Won’t Take the Bottle?

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Won’t Take the Bottle?

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When Sarah was just six weeks old, I had to return to work. At the time, I was working in a school district as an early intervention teacher. I had already used up all the time that I could, and we needed the money. So, off to work I would go…

Now, I was breastfeeding Sarah. I had managed to nurse my son a full year and pump when I returned to work. He was such an even tempered baby…didn’t mind who fed him or how. I planned to continue to pump, and with summer break approaching, I would be able to return to strictly nursing. We just had to get her to take a bottle! Seems easy enough. Joey was simple. WRONG! She refused…bigstock-Mother-Breastfeeding-her-newbo-37467004

Has anyone else had this happen? You go out and buy the fanciest bottles, or the one that is “most like the breast” and the baby still refuses. I tried EVERYTHING! At least I thought I did…

We tried having Daddy feed her. We tried having Grandma feed her. We tried going out and buying new bottles! What a waste of money. She also wouldn’t take a pacifier. Sarah had a ONE TRACK MIND! She wanted ONE thing, and ONE thing only. The REAL THING. Period.

Remember this is the kid that also refused to come out…and was two weeks late…

With her continued refusal, and my heavy burden of guilt for returning to work so soon, my emotions were a mess! I was mad! I was feeling guilty, sad, burdened, upset…everything you could think of. And the more upset I got, the more upset she got, and the more upset she got, the more she wanted to nurse! TIP #1: remain calm. Make it a positive experience no matter what.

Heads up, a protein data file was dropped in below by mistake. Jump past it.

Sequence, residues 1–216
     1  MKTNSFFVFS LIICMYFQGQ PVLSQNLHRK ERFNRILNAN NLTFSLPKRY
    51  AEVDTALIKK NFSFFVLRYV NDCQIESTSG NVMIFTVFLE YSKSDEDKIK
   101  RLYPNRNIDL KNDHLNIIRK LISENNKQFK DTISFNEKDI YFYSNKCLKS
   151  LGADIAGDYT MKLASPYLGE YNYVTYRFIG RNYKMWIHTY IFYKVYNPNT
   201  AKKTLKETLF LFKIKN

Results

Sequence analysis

In the end, I finally got her to take a Gerber newborn nipple on a regular old cheap bottle…and it was sheer determination…she finally drank from it the DAY BEFORE WORK STARTED! Halleluiah! I didn’t go out and BUY this bottle…no…it had been filled with candy as a baby shower favor! It was my last resort. So, TIP #2: you don’t have to buy anything fancy. Try a few different nipples. See which one your baby responds best to.

Over those next six weeks, she was in the care of her Grandmother while I was teaching. I pumped during the day, and Grandma gave her the bottle.

Funny part was…Sarah has a mind of her own…and here’s what she did: Sarah slept in a co-sleeper attached to my bed, for easy nursing at night. Sarah decided to nurse basically ALL NIGHT LONG, and then sleep most of the day away at Grandma’s, only drinking what she ABSOLUTELY HAD TO from the bottle! What a little stinker!

Well, summer arrived, and we were back to normal, back to nursing, and back to Mommy being home. So, TIP #3: You will survive. You will both survive. You will get through this. And that leads me to another tip, TIP #4: it doesn’t have to be a bottle! With a little patience and some research, babies can actually drink from a spoon, a modified cup, or even a syringe.

If you had a similar situation, how did you handle it? Or are you currently in the midst of it? Share with us!

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